Definitions for aral seaˈær əl; ʌˈrɑl skə yə ˈmɔ ryə
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Lake Aral, Aral Sea(noun)
a lake to the east of the Caspian Sea lying between Kazakhstan and Uzbekistan
A saline lake straddling the Kazakhstan-Uzbekistan border, that was once large, but that has shrunk to a quarter of its original size after the Amu Darya and Syr Darya rivers, which previously flowed into it, were diverted for irrigation purposes during the Soviet era.
Origin: From арал, referring to the more than 1,500 islands that once dotted its waters.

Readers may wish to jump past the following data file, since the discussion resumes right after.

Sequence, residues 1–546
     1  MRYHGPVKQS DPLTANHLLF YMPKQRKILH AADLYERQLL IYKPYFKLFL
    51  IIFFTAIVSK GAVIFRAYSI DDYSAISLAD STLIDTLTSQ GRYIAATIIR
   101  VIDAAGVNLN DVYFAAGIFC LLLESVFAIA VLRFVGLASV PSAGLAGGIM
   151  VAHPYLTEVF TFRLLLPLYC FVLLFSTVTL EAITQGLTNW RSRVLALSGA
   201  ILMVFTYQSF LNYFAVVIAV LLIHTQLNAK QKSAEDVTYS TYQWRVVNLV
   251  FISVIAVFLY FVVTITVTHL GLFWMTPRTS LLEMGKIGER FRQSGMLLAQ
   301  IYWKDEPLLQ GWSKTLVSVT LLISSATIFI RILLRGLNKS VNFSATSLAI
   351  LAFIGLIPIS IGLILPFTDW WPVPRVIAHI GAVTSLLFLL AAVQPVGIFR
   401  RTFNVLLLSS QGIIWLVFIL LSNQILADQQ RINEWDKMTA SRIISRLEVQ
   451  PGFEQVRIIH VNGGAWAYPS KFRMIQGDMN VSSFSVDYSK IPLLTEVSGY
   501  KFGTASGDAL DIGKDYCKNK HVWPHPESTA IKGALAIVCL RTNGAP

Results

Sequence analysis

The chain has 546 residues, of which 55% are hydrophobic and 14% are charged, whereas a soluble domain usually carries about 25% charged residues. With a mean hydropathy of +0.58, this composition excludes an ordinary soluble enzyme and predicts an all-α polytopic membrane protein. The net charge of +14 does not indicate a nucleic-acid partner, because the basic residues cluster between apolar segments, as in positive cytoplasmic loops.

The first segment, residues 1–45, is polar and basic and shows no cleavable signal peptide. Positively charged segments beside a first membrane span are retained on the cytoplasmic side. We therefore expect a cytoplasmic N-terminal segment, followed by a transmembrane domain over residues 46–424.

The Aral Sea was a lake lying between Kazakhstan in the north and Karakalpakstan, an autonomous region of Uzbekistan, in the south. The name roughly translates as "Sea of Islands", referring to about 1,534 islands that once dotted its waters; in Old Turkic aral means "island" and "thicket". However, the name 'Aral' derives from the Sanskrit word 'Arul' which means 'water'. Formerly one of the four largest lakes in the world with an area of 68,000 square kilometres, the Aral Sea has been steadily shrinking since the 1960s after the rivers that fed it were diverted by Soviet irrigation projects. By 2007, it had declined to 10% of its original size, splitting into four lakes – the North Aral Sea, the eastern and western basins of the once far larger South Aral Sea, and one smaller lake between the North and South Aral Seas. By 2009, the southeastern lake had disappeared and the southwestern lake had retreated to a thin strip at the extreme west of the former southern sea. The maximum depth of the North Aral Sea is 42 m.
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